The other type of conditions, sometimes referred to as ‘prior to doc’ conditions, must be reviewed prior to the loan going any further into the approval process. This type of condition states that whatever is being asked for is presented and reviewed before loan documents can be produced. Whereas prior to funding conditions can be settled at the closing, prior to doc means you won’t get near that milestone without these. What are some prior to doc conditions?

One might be for the borrower to explain a drop in income from one period to the next. Did the applicant get temporarily laid off? Is he/she still employed? Was there an illness in the family that created a temporary employment pause? With these types of conditions, the lender just wants to make sure everything is good to go before going much further.

One final word, don’t freak out when the lender comes back with questions. There’s little chance of the loan approval being in jeopardy, it’s mainly to keep the loan file in compliance with approval guidelines.


5 Surprising Ways to Invest in Your House

For many people, a home is their largest and most important investment. The good news for people around the country is that housing markets continue to appreciate. After the housing crisis several years ago, home values have increased every year.

With additional equity in their homes, many people are starting to think about investing money back into their home. There are numerous ways that you can improve the value of your home.

Expanded Driveway

One area that many people never think about changing is their driveway. Over the years, a lot of people have learned that they can expand their driveway to hold more cars. This is especially useful if you have multiple vehicles that members of your family drive.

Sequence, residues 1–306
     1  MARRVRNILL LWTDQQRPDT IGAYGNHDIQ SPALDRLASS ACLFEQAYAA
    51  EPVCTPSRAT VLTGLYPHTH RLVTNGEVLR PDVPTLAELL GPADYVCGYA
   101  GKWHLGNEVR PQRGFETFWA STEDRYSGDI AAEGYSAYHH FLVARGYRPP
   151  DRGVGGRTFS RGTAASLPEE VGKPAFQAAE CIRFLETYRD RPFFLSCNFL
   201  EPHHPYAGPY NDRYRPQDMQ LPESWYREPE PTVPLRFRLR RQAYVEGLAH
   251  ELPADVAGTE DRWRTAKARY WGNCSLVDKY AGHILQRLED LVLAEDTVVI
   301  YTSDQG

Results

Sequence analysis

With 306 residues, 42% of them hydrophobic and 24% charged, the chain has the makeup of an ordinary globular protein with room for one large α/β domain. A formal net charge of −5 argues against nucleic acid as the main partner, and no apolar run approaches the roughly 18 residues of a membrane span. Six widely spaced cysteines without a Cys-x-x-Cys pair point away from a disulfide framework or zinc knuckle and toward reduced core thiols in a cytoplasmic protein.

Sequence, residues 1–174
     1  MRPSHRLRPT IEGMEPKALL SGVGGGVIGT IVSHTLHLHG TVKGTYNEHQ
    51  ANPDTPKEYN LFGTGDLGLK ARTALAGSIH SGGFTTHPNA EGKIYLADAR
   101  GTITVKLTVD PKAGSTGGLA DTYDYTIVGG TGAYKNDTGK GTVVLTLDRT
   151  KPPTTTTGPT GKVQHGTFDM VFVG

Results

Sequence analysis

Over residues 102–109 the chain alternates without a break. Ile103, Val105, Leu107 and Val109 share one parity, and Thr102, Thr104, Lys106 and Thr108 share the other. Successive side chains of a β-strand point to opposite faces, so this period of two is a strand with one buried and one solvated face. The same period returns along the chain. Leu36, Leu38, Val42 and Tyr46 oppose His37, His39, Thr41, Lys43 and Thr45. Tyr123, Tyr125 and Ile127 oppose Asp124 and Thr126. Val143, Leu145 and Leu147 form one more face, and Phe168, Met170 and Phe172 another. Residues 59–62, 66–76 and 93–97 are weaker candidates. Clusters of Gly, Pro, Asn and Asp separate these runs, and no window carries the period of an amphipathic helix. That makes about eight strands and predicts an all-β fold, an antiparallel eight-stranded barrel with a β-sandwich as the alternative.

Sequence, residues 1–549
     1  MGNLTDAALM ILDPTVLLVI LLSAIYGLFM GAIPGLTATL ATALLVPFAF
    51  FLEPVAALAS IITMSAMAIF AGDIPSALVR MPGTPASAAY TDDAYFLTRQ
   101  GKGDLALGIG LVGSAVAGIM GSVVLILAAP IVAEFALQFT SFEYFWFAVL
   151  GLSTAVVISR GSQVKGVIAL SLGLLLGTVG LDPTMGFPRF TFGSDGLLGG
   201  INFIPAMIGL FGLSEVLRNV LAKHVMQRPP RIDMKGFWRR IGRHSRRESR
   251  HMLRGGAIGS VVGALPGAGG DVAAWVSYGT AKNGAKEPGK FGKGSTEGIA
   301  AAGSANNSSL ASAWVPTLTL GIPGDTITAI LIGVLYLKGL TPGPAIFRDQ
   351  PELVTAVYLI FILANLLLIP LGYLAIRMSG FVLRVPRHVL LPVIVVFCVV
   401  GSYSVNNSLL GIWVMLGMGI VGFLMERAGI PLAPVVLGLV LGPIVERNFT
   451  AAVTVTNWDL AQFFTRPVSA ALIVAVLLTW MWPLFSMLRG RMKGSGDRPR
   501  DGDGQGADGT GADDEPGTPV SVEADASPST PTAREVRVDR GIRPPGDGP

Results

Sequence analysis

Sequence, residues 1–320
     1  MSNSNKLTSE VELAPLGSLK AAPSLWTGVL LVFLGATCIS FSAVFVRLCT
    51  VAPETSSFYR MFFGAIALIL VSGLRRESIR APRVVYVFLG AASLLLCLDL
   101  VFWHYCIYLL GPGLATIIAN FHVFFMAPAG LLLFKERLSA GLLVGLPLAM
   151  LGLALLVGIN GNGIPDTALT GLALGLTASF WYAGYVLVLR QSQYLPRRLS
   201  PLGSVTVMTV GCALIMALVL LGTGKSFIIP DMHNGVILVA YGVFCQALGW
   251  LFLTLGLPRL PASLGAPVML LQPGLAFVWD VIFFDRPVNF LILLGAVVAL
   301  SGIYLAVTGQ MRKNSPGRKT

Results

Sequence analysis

In the average neighborhood, there is simply not enough space for more than a few cars. It is a small investment to expand the driveway of your home, and the potential future buyers will love this feature.

New Cabinets

The kitchen is one of the most important areas of the home when it comes to selling. Cabinets are a central point of any kitchen. If you want to improve or replace your cabinets, it is vital to work with a company that has experience in the field. Look for cabinet refinishing companies near you through online sources.

The cabinets in your kitchen should flow with the rest of your home. With such a large investment of both time and money, make sure that you have conducted research on the best cabinets for your current home.

Tile in Bathroom

Another vital room in your home is the master bathroom. You will spend a lot of your time in this room, so it is important to make it as inviting as possible.

Upgrading the floors in your bathroom is a great choice. Tile is the most common piece of material to use. Not only does it last longer, but it looks much better than other options as well.

Heated tile is another feature that many people enjoy. In the cold mornings of the winter, heated tile can be a nice luxury. As soon as you walk on the tile, your feet will be heated and you will enjoy the bathroom experience much more. This is new technology that a lot of people are upgrading to.

Smart HVAC System

Everyone knows that a new HVAC system is not cheap. However, there are new HVAC systems that focus on reducing your total energy consumption. Although these units are still expensive, you will save some money every month on lower electricity bills.

With so many options on the market today, it is vital to spend some time finding the right model for your home. If you live in a cold area, make sure the heating unit is large enough to heat your entire home. In many areas, the upstairs part of the home is difficult to heat in the winter without a large unit.

New Paint

Perhaps the easiest way to improve the value of your home is to simply paint the walls. New paint on the walls can really improve the look and feel of your home. Although you can do the painting yourself, it makes sense to hire someone who has experience painting.

Painting an entire house is a long process. Although it will not be cheap, it will improve the value of your home greatly. This is one of the best things to do right before you list a home on the market.

Investing in your home is one of the best financial decisions that you can make. As the housing market continues to improve in value, investing in your home will help you financially. You can even use the equity in your home to pay for the new upgrades that you want.